The Redbreast. Suggested in a Westmoreland

Cottage, 1834............................. 127 Her Eyes are Wild, 1798...................... 197 . . . . . 129

[blocks in formation]
[graphic]
[graphic]
[graphic]
[graphic]
[graphic][graphic]
[graphic]

POEMS OF THE IMAGINATION.

POEMS OF THE FANCY.

[merged small][merged small][subsumed][ocr errors][ocr errors][merged small][merged small][merged small][merged small][merged small]

169

170

170

-------------

The Haunted Tree. To , 1819. . . . . . . . ... 171

Written in March, while resting on the Bridge at

the foot of Brother's Water, 1801 .......... 171

Gipsies, 1807 ----------------. ... . . . . 171

Beggars, 1802--------------------- ... . . . . . . . . 172

Sequel to the Foregoing, 1817..... -------- . . . . . 172

Ruth, 1799 --------------------.

Laodamia, 1814----------------- --

The Triad, 1828 ----------------.............. 177

Lyre though such power do in thy magic live ... 179

A Jewish Family, 1828........................ 180

Weak is the will of man, his judgment blind.... 180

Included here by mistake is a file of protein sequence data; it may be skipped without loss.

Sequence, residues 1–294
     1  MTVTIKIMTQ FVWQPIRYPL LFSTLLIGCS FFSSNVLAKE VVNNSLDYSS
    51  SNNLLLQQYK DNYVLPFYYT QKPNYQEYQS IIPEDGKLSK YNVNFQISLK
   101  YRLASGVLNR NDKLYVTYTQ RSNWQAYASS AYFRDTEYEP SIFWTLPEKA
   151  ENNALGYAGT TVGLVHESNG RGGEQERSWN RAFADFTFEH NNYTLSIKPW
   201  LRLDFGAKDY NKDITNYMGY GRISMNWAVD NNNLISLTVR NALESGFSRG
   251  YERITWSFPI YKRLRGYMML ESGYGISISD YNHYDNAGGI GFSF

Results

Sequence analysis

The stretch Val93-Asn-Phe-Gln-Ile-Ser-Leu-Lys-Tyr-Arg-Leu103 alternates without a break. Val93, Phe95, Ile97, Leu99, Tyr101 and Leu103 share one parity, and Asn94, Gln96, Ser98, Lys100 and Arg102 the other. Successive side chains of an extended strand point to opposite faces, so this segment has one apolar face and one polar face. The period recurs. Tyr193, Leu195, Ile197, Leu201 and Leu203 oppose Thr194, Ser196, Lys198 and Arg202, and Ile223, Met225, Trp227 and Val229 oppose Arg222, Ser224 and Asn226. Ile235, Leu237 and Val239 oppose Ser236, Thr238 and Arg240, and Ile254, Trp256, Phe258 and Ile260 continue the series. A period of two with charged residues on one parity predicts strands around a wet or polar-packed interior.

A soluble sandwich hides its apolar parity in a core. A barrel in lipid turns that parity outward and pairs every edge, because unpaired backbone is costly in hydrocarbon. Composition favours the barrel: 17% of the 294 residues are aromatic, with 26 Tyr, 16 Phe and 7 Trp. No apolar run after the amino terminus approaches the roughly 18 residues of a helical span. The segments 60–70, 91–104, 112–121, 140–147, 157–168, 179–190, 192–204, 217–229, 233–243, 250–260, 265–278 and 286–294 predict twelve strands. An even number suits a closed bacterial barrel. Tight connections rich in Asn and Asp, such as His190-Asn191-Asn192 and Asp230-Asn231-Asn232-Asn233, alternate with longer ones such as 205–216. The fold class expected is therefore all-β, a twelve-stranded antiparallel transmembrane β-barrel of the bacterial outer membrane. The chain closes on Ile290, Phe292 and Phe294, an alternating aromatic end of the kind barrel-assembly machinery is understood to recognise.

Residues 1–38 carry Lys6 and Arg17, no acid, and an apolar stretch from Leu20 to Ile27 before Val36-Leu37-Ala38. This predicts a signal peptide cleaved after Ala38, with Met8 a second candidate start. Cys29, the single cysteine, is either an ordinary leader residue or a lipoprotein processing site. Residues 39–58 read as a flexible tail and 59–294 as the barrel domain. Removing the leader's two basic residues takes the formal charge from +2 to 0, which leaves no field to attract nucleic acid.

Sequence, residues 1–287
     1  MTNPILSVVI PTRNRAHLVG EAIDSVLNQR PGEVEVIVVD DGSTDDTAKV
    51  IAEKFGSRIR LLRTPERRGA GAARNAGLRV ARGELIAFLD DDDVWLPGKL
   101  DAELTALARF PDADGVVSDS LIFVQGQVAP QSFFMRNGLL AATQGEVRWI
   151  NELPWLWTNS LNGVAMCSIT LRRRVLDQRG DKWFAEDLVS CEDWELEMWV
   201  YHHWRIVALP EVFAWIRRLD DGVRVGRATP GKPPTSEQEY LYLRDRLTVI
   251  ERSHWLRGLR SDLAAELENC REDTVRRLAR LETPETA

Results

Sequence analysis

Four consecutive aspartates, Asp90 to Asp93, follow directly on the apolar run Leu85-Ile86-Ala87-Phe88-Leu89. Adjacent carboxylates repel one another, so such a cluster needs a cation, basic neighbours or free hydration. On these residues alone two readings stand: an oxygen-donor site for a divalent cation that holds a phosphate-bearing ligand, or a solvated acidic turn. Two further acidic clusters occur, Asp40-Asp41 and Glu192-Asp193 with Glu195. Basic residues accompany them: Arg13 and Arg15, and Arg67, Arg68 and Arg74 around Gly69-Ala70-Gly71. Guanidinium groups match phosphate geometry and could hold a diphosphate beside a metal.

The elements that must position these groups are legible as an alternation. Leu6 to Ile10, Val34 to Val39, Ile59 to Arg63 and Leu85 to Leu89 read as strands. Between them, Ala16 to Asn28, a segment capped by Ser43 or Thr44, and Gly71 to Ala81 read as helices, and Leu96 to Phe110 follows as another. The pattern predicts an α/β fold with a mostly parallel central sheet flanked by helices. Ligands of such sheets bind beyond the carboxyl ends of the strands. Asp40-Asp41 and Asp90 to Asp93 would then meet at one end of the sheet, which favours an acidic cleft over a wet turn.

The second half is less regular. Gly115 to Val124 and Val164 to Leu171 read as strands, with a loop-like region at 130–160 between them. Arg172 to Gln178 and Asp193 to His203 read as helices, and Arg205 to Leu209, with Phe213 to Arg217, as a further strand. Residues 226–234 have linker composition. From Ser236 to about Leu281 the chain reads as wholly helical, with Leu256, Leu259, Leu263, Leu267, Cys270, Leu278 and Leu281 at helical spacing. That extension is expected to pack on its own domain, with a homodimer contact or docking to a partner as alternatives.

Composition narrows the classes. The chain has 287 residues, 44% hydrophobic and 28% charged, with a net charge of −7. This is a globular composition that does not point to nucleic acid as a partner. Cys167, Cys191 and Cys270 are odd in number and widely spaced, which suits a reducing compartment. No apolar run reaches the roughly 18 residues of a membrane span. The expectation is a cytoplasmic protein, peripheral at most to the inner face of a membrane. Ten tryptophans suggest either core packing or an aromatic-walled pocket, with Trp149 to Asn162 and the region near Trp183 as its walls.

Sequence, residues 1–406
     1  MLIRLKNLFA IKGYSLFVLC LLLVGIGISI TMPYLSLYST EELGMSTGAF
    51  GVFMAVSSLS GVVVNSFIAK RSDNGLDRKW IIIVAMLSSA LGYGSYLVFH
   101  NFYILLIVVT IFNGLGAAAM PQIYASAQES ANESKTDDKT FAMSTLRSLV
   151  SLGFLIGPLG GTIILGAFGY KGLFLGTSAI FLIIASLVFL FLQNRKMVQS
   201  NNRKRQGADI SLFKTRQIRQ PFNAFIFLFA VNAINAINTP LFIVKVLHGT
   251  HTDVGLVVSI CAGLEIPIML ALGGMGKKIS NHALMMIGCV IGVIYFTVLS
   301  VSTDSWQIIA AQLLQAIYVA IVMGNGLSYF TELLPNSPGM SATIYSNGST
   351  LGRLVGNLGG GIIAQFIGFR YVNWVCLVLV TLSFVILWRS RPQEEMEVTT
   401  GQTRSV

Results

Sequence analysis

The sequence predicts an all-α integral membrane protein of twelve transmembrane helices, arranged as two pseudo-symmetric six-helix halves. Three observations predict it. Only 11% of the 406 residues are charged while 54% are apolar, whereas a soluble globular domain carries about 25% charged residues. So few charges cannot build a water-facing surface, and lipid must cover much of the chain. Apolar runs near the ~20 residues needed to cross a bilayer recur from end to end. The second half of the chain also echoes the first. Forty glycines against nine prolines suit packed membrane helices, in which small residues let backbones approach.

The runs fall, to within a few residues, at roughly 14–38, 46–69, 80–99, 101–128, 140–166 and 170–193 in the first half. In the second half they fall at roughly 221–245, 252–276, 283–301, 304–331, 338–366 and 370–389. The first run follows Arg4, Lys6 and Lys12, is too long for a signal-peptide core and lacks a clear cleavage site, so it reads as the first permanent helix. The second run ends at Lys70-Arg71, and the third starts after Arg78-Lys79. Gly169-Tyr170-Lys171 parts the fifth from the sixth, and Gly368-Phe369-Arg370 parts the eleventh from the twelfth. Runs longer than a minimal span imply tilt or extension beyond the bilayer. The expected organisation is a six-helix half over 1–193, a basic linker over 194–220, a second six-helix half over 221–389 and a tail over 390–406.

Resolution and Independence, 1807......... . . . . 180

The Thorn, 1798------------.......

Hart-leap Well, 18 -------- ... 184

Song at the Feast of"Brougham Castle, upon the

Restoration of Lord Clifford, the Shepherd,

1807--------------------....... ... 186

Yes, it was the mountain Echo, 1806. ... 188

To a Sky-lark, 1825. -------------------------. 188

It is no Spirit who from Heaven hath flown, 1803 188

French Revolution as it appeared to Enthusiasts

at its commencement, 1805................. 188

Gold and Silver Fishes in a Vase, 1829.......... 189

Liberty (Sequel to the foregoing), .............. 189

The Pass of Kirkstone, 1817.... ... 191

Suggested by a Picture of the Bird of Paradise... 192

Airey-force Valley .................. .......... 192

The Cuckoo-Clock. . . . . . . . . . . . . . . . . . . . . . . . . . . 192

Lines composed a few miles above Tintern Abbey,

on revisiting the Banks of the Wye during a

Tour, July 13, 1798. 1798.. ......... 193

Peter Bell.- A Tale........................ 194

The Egyptian MAID, or Romance of the Water

Lily, 1830 -------------------------------- 206

The Simplon Pass, 1799....................

An Evening Ode, composed upon an Evening of

Extraordinary Splendour and Beauty, 1818. 211

To the Clouds................... ... . . 212

On the Power of Sound 1828................... 213

------------

-------

[graphic]
[graphic]
[graphic]
[graphic]
[graphic][graphic]
[graphic]
[graphic]
[graphic]
[graphic]
[graphic]
[graphic]
[graphic][graphic][graphic][graphic]
[graphic]
[graphic]
[graphic]
[graphic][graphic]
[graphic]
[graphic][graphic][graphic]
[graphic][graphic][graphic][graphic]
« AnteriorContinuar »